We saw all the lights of Banos below us and watched some guys juggle fire and spin poi and even try to light a cigarette that a man was holding in his mouth by throwing flaming sticks back and forth in front of his face. Then we headed back down the mountain and to our beds to sleep.

The next morning we got up and had breakfast at Amanda and the other girls hostel. I met a lot of other volunteers and backpackers at breakfast. A lot. I have met so many others on busses and just around town. I can usually pick out a Gringo (probably because I am one myself) and we mutually will stand by eachother on a bus just to have a good conversation in English and find out what the other one is doing. Anyways! Lots of people with similar interests and plans at breakfast.

Then my trio headed to the warm baths. It was nice. Cold shower, hot bath, cold shower, hot bath. After the baths we decided to have a nice lunch before catching our 12:40 bus back to Quito. While in the process of fining a nice place to eat three South Americans around our age asked us if they could interview us for a class project. We agreed to a short interview and were momentarily surrounded by about 12 of their classmates. Turn out their teacher Jeff had given them an assignment to interview some people in English and dumped them in Banos to do it. They all got out their phones and voice recorders and took turns asking us questions like, where are you from, when did you get here, do you like Ecuador, why, do you have a boyfriend, do you want to be my boyfriend, what is your favorite holiday in the US, tell me about some of the traditions there....by the time we were done with the interview we had just enough time to eat a quick almuerzo (lunch with soup, rice, egg, salad and meat) and run to our bus. We go on the bus just as it was pulling out of the parking lot. That was a close one. We would have had to wait a whole hour for the next bus to Quito.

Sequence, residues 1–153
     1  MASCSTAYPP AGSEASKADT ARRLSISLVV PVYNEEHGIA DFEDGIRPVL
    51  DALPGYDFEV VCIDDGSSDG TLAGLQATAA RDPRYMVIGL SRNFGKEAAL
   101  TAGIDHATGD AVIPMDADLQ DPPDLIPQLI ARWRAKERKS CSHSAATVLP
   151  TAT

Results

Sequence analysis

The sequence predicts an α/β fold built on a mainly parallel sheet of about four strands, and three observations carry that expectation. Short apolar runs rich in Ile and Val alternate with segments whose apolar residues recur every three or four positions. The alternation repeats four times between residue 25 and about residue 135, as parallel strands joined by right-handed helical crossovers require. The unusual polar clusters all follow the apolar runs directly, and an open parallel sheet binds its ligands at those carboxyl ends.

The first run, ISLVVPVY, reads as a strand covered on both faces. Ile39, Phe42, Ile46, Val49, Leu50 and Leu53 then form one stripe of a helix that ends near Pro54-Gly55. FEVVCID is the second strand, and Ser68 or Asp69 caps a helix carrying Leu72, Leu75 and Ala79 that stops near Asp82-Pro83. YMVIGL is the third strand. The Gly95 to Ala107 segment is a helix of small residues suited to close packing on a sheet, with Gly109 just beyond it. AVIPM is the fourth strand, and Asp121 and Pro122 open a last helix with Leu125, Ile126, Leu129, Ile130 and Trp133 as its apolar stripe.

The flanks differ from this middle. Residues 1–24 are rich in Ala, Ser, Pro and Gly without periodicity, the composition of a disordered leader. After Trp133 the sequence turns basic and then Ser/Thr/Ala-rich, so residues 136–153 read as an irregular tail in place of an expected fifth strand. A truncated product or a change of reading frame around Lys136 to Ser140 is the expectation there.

And that brings me to my last week in the daycare center.
Here Edwin. He is always full of smiles and hugs. My first day at the daycare center he smeared yogurt on my arms.

I have gotten closer to the kids and other teachers. When I walk into a room the kids erupt into a mass of "Hola Tia!" They are adorable. Yesterday I was kneeling down outside showing them one of the books and momentarily found myself almost flat on the ground with a bunch of the 3-4 year olds on me and hugging me. I could hardly stand up because of them and I was laughing so hard.